I was only 9-years-old when my maternal grandfather, John Figlar, passed away. Although I used to spend a great deal of time with my grandparents as a child, I had very little direct interaction with my grandfather. (All of his grandchildren, including me, called him “Pap-Pap.”). I remember “Pap-Pap” only as a short, stocky, old man, who was bald except for the thinning gray hair at the sides and walked with a cane. He used to sit at the kitchen table and roll his own cigarettes, carefully filling each paper with tobacco from the turquoise Bugler can, and play solitaire or “Beat the Devil,” as he liked to call it, for hours at a time. He would call out to Grandma in Slovak and she would respond with a plate of food or a shot glass of Kassers 51 whiskey (he always bought Kasser’s because it was available by the quart, while many of the other brands were sold by the pint) that she would place next to his ashtray.
Today is the anniversary of my grandfather’s death, and I thought I would take a few minutes to reflect on his life and death.
It wasn’t until I began doing genealogy in 1991 that I found out the details of my grandfather’s life—that his birth name was Janos Figlyar and that he was born in a tiny village in Slovakia called Osturna. He was the youngest of eleven children and lost his father when he was just a very young boy. I also learned how during WWI, János spent time in a Russian prison where his ability to repair carriages and make wheels saved his life and enabled him to escape. He arrived in America in 1921 at Ellis Island, and worked in the coal mines near Barton, Ohio. He was matched in marriage to Verona Straka by her brother-in-law who worked in the same mine. They married in 1924, and went on to have seven children. My mother, Anna was the oldest.
Much of what I learned about my grandfather came from my mother. She often referred to him as a “Dr. Jekyll and Mr. Hyde” because when he was sober he was a great father who liked to joke and play cards or build puzzles with his children. On the flip side, he had a naturally foul temper, which when coupled with a fondness for alcohol, often resulted in frequent violent outbursts. My mother often experienced the brunt of my grandfather’s wrath, and the memories of these episodes remained with her throughout her life. Although terrified of her father, she loved him deeply, took care of him when he became ill, and was deeply saddened by his death. In my book, Three Slovak Women, I write about their complex relationship.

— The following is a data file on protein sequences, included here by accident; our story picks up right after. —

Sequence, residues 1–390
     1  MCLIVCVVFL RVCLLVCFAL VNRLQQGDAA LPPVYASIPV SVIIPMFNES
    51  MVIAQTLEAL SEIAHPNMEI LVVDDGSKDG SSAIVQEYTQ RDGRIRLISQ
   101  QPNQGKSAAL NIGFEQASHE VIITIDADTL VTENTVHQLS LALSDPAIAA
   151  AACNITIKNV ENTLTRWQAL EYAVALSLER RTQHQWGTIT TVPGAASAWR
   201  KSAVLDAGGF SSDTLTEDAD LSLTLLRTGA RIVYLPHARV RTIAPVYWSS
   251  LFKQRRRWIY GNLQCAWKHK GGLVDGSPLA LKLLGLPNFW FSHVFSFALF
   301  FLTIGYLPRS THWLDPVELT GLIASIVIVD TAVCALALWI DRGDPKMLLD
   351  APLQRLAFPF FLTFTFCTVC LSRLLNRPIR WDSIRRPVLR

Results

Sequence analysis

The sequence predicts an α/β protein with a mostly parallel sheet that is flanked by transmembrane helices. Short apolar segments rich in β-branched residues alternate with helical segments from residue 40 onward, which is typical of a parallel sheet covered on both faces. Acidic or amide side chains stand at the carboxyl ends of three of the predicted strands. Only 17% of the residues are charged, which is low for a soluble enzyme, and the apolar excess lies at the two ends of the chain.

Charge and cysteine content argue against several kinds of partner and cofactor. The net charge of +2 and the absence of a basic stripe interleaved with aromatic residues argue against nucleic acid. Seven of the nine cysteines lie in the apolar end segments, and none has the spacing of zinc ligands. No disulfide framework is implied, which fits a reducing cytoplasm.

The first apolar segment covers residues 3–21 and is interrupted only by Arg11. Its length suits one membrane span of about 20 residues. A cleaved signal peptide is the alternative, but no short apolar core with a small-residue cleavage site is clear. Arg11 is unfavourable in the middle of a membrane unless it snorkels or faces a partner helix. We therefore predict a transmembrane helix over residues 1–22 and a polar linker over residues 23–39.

Although I was just a young girl when my grandfather died, I can still vividly recall his funeral, which was held in the Russian Orthodox Church. Adhering to ritual, the casket is reopened during the funeral mass and family and friends say their final good-byes in a procession in front of the casket. The image of my mother throwing her arms around my grandfather as he lay in the casket, and weeping loudly, will never leave my memory.
When we investigate our family history we must be prepared to discover both the good and bad traits and actions of our ancestors. Sometimes all we get are tiny glimpses into their lives. Nevertheless, we can’t view them through “rose colored glasses.” Researching and writing about my grandfather has provided me with an objective perspective about him that his children (especially my mother) were sometimes not able to see.
So, “Pap-Pap,” I pause to remember you today—may you rest in peace.
Pick the most interesting character in your family and try to write a few sentences or even a paragraph or two about this person. Add a photograph if one is available. Once you’ve written about one ancestor, move on to another and then another, and so on. Soon, you will have a collection of profiles to compile into a larger family history! Happy writing!